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Meet Renée Newman

Gemologist Renée Newman shares her "nuggets of knowledge"
Tourmaline

Diamonds and rubies, silver and gold … What’s valuable? What’s not? What do you look for when you're buying?

Average consumers and gem trade professionals alike have benefited from Renée Newman’s vast knowledge of gems and jewelry. She has authored 13 books (so far) and has lectured extensively. And now, readers of Bead&Button magazine can learn from Renée's new column, "nuggets of knowledge."

Passionate teacher and learner

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Renée is passionate about sharing her knowledge. After all, teaching has always been a big part of her life’s work:

“After graduating from the University of California at Santa Barbara with a B.A. in French and a teaching credential, I was able to get jobs in Grenoble and Montpelier, France, teaching English as a second language to college level students,” says Renée. “After five years teaching in France, I decided to get teaching jobs in Spain and then Japan. Because of my foreign language background, I was able to get a job as a Globus Gateway international tour director in Asia, South America, and the South Pacific.”

And that’s when, as an international tour director, Renée was first introduced to the dazzling world of gems.

“I saw gems everywhere — in hotels, airports, jewelry factories, pearl farms, and, naturally, in shopping areas,” says Renée.

During the tours, her passengers often asked questions about how to identify gems for their quality and value. Renée studied up on the subject but discovered there was very little information to help inform the average consumer. At this point, Renee was hooked on gems!

She enrolled in a colored gem grading class at the Gemological institute of America (GIA) and completed the required coursework to earn her GIA Graduate Gemologist diploma. Soon after, Josam Diamond Trading Corporation in Los Angeles hired Renée to work as a gemologist.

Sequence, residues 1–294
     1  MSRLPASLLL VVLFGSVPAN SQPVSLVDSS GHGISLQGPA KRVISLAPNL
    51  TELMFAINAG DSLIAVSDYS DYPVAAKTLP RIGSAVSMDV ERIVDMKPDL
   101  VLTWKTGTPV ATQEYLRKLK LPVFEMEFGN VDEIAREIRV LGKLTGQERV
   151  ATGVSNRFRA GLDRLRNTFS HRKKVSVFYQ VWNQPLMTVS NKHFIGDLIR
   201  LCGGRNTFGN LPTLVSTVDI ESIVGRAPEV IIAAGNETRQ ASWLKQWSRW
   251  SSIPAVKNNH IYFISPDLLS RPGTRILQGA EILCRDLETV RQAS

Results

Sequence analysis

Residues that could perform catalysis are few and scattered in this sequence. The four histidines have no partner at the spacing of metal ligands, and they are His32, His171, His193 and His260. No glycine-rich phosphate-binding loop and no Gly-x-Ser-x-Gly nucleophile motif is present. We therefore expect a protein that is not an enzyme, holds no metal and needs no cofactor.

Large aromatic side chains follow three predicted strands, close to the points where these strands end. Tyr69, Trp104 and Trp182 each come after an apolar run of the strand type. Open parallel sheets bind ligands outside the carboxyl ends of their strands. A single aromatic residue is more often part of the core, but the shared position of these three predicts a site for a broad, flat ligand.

Because of her experience, Renée decided to take on the task of writing that much needed, straightforward and understandable consumer guide to buying gems. Her first book, “Diamond Ring Buying Guide: How to Spot Value & Avoid Ripoffs,” was published in 1989.

“It was so successful,” says Renée, “I decided to continue writing more gem and jewelry books for both consumers and trade professionals.” Eventually, writing and speaking about gems became Renee’s full-time pursuit.

Appreciating quality

Amber
At the firm where she worked, Renée was in charge of jewelry quality control. “I needed to know how to determine when to accept and when to send back jewelry that was made for the company,” she says.

So, to further educate herself, Renée took a jewelry-making class at the GIA and two more classes at a local adult night school.

“Later I needed the jewelry-making and -setting information when writing about jewelry craftsmanship in my jewelry books.” Renée says. “Then I had jewelers check over what I wrote to make sure it was correct. I learned a lot from their comments.”

Renée says she appreciates the workmanship of a wide variety of jewelry designers, many of whom have contributed images and information for her books.

So, out of the many beautiful stones, does Renée have any personal preferences? “Two of my favorite gems are pearls and opals because there are so many different varieties at all price points.”

Buyer, be aware

Renée has this advice on where to purchase stones, and who to buy them from:

Buy gems from dealers and sellers who are willing to discuss quality differences and fully disclose gem treatments, and manmade gems if they sell them.

It’s a good sign when a seller specifies the treatments their gems have undergone, and are a member of trade organizations such as the AGTA (American Gem Trade Association) and ICA (International Colored Gemstone Association).

Many Internet sellers are identifying manmade stones as natural and misidentifying imitations, so do not assume that labels on internet gem sites are correct.

To determine if a seller is knowledgeable and candid ask the following types of questions:

  • Can you tell me something about the quality of this stone?
  • Which of your stones are treated?
  • Which of these stones are more valuable and why?
  • Are you willing to put in writing what you’ve told me about this stone or piece?

Readers can get a list of appraisal organizations and independent appraisers with appraisal qualifications at reneenewman.com/appraisers.htm

Spreading gem joy

Renée is busy preparing presentations, writing "nuggets of knowledge" for Bead&Button magazine, and is excited to begin work on the 8th edition of her Diamond Ring Buying Guide. (Yes, 8th!)

You can learn more about Renée’s books at www.ReneeNewman.com and buy them at our Beading & Jewelry Store. Take a quick peek at some of her work in our gallery:

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